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Cable Tech

MyBundle.TV helps 'broadband-first' players stay in video game

It's no secret that cable operators and telcos of all sizes have adopted a "broadband-first" stance that emphasizes high-margin, high-speed Internet service and effectively relegates pay-TV to the back seat.

But streaming video services, a market that's now teeming with dozens of virtual multichannel video programming distributors (vMVPDs) and subscription VoD services, remain a key reason why many consumers are connecting to speedy broadband offerings in the first place. At the same time, though, the sheer volume of OTT video service options on the market makes it a challenge for consumers to figure out which ones best suit their entertainment needs as well as the size of their pocketbooks.

MyBundle.TV, a privately funded company started in 2019, has been keying on this trend, initially targeting it with a free algorithm-driven recommendation tool that helps consumers figure out which streaming services best fit their needs according to their personal preferences and locations (based on zip codes). The company has since expanded its business to include a streaming marketplace and subscription management platform that's been customized for a growing group of cable operators and other broadband service providers.

The company's relatively new streaming marketplace is being used to power websites run by cable operators and ISPs that help broadband customers pick and choose which streaming services appear to be the best fit. MyBundle.TV's platform can also be configured to factor in results from the operator's own pay-TV service.

CenturyLink is among a growing group of broadband service providers that are using MyBundle.TV's platform to generate personalized video service recommendations.  
Click here for a larger version of this image.  
(Image source: CenturyLink)
CenturyLink is among a growing group of broadband service providers that are using MyBundle.TV's platform to generate personalized video service recommendations.
Click here for a larger version of this image.
(Image source: CenturyLink)

That idea has already caught on with more than two dozen US broadband service operators that, together, serve about 5.7 million customers. That group spans the board from tier 1 on down, including CenturyLink, C Spire, WideOpenWest, EPB, MetroNet and Copper Valley Telecom, among others.

Here's a fuller sampling of cable operators and service providers that have connected with MyBundle.TV's to build streaming marketplaces for their broadband customers:

Table 1: A sample of service providers that have connected with MyBundle.TV

DreamFiberHomes Bulloch Broadband C Spire Copper Valley Telecom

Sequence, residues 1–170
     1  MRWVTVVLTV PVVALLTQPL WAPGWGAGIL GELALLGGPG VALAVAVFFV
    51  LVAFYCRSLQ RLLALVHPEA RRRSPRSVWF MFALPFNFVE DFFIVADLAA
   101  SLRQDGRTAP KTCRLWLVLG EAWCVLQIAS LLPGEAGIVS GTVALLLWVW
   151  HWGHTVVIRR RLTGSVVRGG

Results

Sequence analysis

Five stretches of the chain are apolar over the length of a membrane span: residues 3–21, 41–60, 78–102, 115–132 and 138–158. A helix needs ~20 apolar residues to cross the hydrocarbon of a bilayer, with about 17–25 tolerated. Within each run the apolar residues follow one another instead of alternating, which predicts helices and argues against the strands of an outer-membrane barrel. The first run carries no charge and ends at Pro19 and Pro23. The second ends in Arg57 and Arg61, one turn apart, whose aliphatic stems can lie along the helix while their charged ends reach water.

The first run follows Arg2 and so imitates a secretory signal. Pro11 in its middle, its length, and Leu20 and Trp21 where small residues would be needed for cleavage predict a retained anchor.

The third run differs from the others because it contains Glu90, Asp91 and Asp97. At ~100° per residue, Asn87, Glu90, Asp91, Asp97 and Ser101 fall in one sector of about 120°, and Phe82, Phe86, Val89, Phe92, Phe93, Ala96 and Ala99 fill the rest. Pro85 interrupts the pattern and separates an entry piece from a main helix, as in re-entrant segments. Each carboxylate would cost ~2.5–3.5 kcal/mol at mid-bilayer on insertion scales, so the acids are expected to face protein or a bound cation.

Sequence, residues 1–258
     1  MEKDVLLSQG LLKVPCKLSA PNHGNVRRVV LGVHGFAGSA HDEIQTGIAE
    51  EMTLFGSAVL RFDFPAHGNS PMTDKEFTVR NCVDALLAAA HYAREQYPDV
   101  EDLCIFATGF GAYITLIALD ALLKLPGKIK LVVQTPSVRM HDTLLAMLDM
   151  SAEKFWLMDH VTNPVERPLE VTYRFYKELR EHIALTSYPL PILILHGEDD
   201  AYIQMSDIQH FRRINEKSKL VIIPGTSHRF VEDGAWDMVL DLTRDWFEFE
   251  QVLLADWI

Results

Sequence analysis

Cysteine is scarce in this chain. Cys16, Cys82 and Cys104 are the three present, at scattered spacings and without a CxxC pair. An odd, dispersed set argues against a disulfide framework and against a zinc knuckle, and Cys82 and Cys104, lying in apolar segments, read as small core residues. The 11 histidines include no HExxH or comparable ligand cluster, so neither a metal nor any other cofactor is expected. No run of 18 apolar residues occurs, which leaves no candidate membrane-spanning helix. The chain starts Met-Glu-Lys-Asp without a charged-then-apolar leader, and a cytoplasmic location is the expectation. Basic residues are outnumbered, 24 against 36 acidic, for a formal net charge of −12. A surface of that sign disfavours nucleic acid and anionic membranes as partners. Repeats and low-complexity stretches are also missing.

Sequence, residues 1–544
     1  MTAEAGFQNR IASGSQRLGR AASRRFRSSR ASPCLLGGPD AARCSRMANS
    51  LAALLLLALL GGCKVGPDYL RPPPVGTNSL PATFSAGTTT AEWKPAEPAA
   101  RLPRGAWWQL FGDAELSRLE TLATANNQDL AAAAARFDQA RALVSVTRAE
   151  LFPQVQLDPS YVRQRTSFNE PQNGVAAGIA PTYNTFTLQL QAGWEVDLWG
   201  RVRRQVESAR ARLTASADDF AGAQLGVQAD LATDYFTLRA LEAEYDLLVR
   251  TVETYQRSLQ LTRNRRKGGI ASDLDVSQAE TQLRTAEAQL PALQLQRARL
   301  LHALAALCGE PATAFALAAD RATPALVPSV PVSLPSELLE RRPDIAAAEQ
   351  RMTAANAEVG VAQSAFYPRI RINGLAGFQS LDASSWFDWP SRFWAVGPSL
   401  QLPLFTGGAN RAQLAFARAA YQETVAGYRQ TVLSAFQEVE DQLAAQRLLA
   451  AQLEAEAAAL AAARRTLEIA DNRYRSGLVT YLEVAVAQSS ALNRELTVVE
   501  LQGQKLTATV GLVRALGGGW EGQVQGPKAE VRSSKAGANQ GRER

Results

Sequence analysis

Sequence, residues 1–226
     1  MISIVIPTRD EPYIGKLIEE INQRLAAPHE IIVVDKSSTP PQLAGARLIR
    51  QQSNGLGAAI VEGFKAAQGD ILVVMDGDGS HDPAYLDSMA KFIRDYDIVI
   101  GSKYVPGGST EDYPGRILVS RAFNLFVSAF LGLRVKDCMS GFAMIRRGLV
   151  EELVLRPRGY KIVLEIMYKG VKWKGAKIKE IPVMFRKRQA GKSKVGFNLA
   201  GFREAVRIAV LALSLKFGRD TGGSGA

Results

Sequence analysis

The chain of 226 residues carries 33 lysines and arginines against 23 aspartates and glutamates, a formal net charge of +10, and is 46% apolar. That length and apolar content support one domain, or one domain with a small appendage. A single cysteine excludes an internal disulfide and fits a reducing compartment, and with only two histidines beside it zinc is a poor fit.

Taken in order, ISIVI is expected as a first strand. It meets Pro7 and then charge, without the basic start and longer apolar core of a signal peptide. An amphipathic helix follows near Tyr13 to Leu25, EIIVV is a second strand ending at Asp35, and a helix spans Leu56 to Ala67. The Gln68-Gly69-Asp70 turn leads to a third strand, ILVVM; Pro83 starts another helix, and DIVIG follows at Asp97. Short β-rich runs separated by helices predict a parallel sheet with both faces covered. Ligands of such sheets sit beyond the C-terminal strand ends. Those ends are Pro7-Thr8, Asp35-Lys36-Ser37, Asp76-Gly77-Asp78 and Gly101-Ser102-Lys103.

CenturyLink EPB Genesco Fiber (FiberMeFirst) HTC
MetroNet Montana Internet Point Broadband RTC1 Fiber Communications
Wintek WayCom VTX1 WideOpenWest
(Source: MyBundle.TV)

Of that group, WOW, which has adopted a broadband-first strategy, recently acknowledged that it expects to shed more than half its pay-TV subscriber base in the coming years.

MyBundle.TV's streaming marketplace "is about going beyond live TV and a world beyond Netflix, Amazon and Hulu," Jason Cohen, CEO and co-founder of MyBundle.TV, explained.

He estimates that the company's platform generates results from an array of more than 150 streaming services. MyBundle.TV also has affiliation agreements, along with a few more direct relationships, with a group of roughly 40 streaming services. But Cohen stresses that MyBundle.TV strives to be fiercely independent, noting that agreements with various OTT video players don't affect the streaming service combinations that are presented to users based on their preferences and other elements that underpin their personal profiles.

"Our view is ... it's about being agnostic," Cohen said. "It shouldn't matter what kind of device you signed up for. The consumer comes first."

While MyBundle.TV's consumer-facing recommendation tool is free, the company gets paid a monthly technology fee by its service provider partners and receives a share of the revenues generated by their customers who subscribe to services via the streaming marketplace. Cohen said the system also helps its service provider partners generate leads and add new broadband customers.

"The future is all about that streaming marketplace and subscription management platform," he said.

Other operators seem to agree with this notion. Comcast, for example, is ramping up its role in the aggregation and subscription management areas with X1 and Flex, its streaming platform for broadband-only customers. Additionally, Charter Communications envisions playing a similar role with its IP-capable Worldbox platform.

Cohen notes that MyBundle.TV's partnerships program has been picking up steam in the last four to five months as operators continue to size up their role in an evolving pay-TV and premium streaming landscape. While some are seeking help to provide broadband subscribers with streaming options, others are looking to transition off their existing pay-TV services.

"Everybody is thinking broadband-first," he said.

MyBundle.TV isn't the only company focused on this idea or this segment of the market. While there are key differences in how they use their respective tech and tools to help consumers navigate the streaming marketplace, other players include CobbleCord, Suppose.TV and Reelgood.

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— Jeff Baumgartner, Senior Editor, Light Reading

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